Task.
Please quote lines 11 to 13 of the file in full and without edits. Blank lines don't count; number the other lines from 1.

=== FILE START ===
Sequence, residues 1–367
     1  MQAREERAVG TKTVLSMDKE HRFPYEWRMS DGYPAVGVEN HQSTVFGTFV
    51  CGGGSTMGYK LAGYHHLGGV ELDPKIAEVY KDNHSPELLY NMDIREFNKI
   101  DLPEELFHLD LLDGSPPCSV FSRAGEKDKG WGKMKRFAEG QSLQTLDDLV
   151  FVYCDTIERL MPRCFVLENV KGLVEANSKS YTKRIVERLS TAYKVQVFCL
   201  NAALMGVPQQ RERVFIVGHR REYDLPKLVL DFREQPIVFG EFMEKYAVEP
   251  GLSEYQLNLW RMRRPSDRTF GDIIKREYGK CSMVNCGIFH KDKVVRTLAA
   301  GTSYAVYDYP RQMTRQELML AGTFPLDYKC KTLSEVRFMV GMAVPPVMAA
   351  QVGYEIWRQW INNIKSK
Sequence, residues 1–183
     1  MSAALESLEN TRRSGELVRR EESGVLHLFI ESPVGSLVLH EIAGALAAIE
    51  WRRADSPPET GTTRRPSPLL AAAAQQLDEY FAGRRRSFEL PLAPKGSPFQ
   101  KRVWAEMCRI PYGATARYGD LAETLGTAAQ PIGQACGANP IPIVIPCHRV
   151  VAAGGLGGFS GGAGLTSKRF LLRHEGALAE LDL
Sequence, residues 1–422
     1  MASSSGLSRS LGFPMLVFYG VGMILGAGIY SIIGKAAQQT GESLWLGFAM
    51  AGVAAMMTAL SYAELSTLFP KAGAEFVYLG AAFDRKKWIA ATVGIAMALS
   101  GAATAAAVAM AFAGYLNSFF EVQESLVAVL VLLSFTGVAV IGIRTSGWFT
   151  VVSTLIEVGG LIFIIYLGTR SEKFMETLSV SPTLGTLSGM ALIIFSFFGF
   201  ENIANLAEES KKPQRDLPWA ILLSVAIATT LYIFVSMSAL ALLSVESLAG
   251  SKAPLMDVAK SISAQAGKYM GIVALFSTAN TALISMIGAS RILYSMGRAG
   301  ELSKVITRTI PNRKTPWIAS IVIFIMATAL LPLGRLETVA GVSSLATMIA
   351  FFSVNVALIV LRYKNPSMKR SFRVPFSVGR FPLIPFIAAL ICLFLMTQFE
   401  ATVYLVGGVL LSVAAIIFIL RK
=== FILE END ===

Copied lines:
     1  MSAALESLEN TRRSGELVRR EESGVLHLFI ESPVGSLVLH EIAGALAAIE
    51  WRRADSPPET GTTRRPSPLL AAAAQQLDEY FAGRRRSFEL PLAPKGSPFQ
   101  KRVWAEMCRI PYGATARYGD LAETLGTAAQ PIGQACGANP IPIVIPCHRV